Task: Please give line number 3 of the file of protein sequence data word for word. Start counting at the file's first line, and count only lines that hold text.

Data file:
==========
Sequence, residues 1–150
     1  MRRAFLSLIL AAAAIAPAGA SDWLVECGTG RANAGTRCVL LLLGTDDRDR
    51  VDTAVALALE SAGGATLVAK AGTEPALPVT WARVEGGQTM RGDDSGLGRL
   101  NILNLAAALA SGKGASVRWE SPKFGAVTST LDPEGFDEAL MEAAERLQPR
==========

    51  VDTAVALALE SAGGATLVAK AGTEPALPVT WARVEGGQTM RGDDSGLGRL